These plays were often directed by famous artists of the time, including Bakri Siregar, Hr. Bandaharo, Sy. Anjasmara, Aziz Akbar and Kamaludin Rangkuty.
As a student, Chalik was also active in Indonesia's student association. He was elected chairman of the Sumatra branch in 1961 during its sixth congress in Jakarta, and from 1961 to 1964 was chairman of the Medan branch of Lekra (People's Cultural League) and one of the presidium at North Sumatra's Lekra.
Lekra is the cultural and literary wing of the Indonesian Communist Party, which had a sizable membership from artists from various fields.
As a young student activist, Chalik was critical of any form of exploitation. He once led a movement spraying graffiti on the American General Council building in Medan to protest against the takeover of a plantation in Sumatra by a foreign joint-plantation corporation.
But the events of 1965 crushed his activism and his dream to develop Indonesia's literary world.
The one bright spot was that the Albanian government continued his scholarship until he graduated from the University of Tirana in 1969.
He had to resist calling his wife because he feared any form of direct communication could endanger her family.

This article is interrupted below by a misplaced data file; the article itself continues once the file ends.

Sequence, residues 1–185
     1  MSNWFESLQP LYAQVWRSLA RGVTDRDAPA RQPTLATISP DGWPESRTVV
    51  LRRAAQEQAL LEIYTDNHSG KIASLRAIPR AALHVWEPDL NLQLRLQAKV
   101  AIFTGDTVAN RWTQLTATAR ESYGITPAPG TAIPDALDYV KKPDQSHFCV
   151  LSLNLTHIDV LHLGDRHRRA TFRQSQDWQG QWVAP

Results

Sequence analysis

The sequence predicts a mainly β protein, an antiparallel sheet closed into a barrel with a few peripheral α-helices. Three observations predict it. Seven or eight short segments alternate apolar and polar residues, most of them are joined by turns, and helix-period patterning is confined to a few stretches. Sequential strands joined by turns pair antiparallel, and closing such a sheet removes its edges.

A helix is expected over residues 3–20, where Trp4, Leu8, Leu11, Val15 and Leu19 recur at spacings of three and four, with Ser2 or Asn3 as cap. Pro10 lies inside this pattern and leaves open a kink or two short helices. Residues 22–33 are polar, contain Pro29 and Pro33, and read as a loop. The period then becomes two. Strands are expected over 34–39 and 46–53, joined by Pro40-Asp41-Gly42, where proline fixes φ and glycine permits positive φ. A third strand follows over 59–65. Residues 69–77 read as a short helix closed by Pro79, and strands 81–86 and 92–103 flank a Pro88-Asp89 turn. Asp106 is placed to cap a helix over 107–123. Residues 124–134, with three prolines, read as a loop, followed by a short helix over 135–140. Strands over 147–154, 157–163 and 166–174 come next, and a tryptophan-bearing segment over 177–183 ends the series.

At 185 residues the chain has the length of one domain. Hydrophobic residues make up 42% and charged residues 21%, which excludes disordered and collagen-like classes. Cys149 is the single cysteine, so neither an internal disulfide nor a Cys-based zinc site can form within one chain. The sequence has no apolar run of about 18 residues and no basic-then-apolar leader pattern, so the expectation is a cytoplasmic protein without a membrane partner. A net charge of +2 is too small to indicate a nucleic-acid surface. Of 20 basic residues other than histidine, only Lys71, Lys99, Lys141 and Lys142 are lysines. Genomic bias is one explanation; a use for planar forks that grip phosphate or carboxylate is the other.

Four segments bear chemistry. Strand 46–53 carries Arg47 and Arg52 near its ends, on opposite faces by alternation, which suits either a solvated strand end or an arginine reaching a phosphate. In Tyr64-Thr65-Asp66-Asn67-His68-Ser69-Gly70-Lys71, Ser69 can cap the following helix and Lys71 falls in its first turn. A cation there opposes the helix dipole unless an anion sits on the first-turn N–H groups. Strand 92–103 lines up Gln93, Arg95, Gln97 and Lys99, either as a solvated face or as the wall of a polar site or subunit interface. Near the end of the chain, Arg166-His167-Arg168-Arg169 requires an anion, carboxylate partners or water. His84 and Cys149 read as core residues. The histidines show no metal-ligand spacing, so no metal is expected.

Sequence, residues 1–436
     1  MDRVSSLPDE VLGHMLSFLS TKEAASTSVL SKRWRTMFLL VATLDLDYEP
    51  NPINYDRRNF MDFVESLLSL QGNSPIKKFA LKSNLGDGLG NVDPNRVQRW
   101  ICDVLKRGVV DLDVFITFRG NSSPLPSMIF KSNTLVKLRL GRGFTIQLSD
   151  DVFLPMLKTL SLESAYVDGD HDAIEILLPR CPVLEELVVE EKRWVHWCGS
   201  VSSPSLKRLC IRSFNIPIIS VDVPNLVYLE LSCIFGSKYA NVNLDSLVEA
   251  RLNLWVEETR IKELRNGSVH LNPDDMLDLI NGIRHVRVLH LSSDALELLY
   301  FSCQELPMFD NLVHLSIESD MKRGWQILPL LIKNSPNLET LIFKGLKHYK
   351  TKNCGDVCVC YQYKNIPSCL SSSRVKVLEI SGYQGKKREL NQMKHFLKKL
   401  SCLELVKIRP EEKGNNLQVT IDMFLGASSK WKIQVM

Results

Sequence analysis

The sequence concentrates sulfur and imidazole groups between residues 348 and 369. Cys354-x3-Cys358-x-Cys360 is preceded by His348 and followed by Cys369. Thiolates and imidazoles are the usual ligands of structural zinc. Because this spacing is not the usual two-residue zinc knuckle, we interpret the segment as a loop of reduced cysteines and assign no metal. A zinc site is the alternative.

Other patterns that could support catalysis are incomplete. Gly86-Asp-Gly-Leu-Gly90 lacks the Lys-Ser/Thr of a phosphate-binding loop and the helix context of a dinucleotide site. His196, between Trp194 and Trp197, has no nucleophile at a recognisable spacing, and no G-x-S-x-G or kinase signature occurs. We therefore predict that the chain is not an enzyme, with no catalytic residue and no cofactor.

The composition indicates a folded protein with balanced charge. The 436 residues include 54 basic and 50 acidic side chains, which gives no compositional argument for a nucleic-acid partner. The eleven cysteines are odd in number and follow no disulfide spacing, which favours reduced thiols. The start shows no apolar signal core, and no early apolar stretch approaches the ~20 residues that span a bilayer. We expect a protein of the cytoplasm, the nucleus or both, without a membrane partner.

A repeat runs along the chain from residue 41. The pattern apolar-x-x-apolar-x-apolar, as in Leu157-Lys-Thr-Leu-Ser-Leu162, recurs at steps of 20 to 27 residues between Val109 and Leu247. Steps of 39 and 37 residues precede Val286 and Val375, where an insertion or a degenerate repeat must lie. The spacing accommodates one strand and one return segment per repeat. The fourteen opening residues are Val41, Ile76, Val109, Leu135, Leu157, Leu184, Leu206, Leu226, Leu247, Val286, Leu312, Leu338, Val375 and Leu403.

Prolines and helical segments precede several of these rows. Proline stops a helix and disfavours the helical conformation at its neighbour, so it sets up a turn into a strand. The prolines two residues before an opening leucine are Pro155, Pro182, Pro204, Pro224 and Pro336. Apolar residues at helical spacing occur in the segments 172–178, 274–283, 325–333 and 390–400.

"I sent my letters to my family through a third country like Peru, and this could take months," Chalik said.
Many family members of those associated with the banned Indonesian Communist Party had to undergo a harsh, often unimaginable life. They abruptly became social pariahs; they were unable to apply for government jobs or enroll in university.
Even children were "tagged" with the so-called Surat Bebas PKI, a certificate indicating that they were free from elements of the Indonesian Communist Party.
He later learned that his wife and daughter were forced to go into hiding in Kisaran, Java and Medan.
"Sri was finally captured and thrown in jail in 1967 without trial."
"She was only released in 1979. She went to see my mother to ask permission to marry my friend Astaman," Chalik said, adding he was relieved by her choice because her new husband was his friend and their marriage would be good for their daughter.
Chalik later married an Albanian woman, Katerina, with whom he had two children, Hervis and Rahardi, and worked as a radio broadcaster and translator at the Indonesian section of Tirana radio.
"People in South Sumatra could listen to Tirana radio," he said with a smile.
With friends he produced a magazine called Api Pemuda Indonesia (API, The Fire of Indonesian Youth), with an English edition Indonesian Tribune, to attack the New Order government.
However, he had to seek political asylum in the Netherlands in 1989 after communism crumbled in many parts of Eastern Europe.
Chalik finally visited Indonesia in 1995, when he stayed in the house of his ex-wife's family -- a rather awkward situation, he found.
He has since visited Indonesia six times. He divorced his Albanian wife and married an Indonesian woman, Nur Aisah, in 2003.
The bitterness he feels about his life is reflected in Mawar Merah, in which he writes: "...the house is deserted, the room has lost its inhabitants, children and wife are kept waiting ... I have lost my eternal friend..."
But despite the bitterness, his love of his home country remains intact, he writes:
"... forty years I was barred from stepping foot on my homeland, but I am still loyal, I am still in love (with her)..."
Photo: CHALIK HAMID (JP/Alpha Amirrachman)